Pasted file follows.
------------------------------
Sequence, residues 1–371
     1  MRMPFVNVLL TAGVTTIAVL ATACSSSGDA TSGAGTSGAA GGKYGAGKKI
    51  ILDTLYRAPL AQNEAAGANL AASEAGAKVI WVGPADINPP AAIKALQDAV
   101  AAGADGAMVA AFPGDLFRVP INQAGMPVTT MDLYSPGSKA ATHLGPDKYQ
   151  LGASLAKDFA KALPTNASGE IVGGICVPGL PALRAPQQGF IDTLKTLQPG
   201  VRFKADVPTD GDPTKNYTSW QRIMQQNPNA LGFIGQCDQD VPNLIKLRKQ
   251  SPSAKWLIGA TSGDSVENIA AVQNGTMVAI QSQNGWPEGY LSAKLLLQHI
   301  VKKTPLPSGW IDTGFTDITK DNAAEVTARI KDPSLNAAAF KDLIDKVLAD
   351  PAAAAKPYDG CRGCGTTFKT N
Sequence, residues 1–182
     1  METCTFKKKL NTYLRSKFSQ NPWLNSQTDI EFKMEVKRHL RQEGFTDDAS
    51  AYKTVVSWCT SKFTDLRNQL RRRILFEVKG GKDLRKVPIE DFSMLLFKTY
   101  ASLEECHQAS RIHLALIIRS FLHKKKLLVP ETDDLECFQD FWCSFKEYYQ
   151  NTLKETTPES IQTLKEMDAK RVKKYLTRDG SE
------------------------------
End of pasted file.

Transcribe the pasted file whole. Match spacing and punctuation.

Sequence, residues 1–371
     1  MRMPFVNVLL TAGVTTIAVL ATACSSSGDA TSGAGTSGAA GGKYGAGKKI
    51  ILDTLYRAPL AQNEAAGANL AASEAGAKVI WVGPADINPP AAIKALQDAV
   101  AAGADGAMVA AFPGDLFRVP INQAGMPVTT MDLYSPGSKA ATHLGPDKYQ
   151  LGASLAKDFA KALPTNASGE IVGGICVPGL PALRAPQQGF IDTLKTLQPG
   201  VRFKADVPTD GDPTKNYTSW QRIMQQNPNA LGFIGQCDQD VPNLIKLRKQ
   251  SPSAKWLIGA TSGDSVENIA AVQNGTMVAI QSQNGWPEGY LSAKLLLQHI
   301  VKKTPLPSGW IDTGFTDITK DNAAEVTARI KDPSLNAAAF KDLIDKVLAD
   351  PAAAAKPYDG CRGCGTTFKT N
Sequence, residues 1–182
     1  METCTFKKKL NTYLRSKFSQ NPWLNSQTDI EFKMEVKRHL RQEGFTDDAS
    51  AYKTVVSWCT SKFTDLRNQL RRRILFEVKG GKDLRKVPIE DFSMLLFKTY
   101  ASLEECHQAS RIHLALIIRS FLHKKKLLVP ETDDLECFQD FWCSFKEYYQ
   151  NTLKETTPES IQTLKEMDAK RVKKYLTRDG SE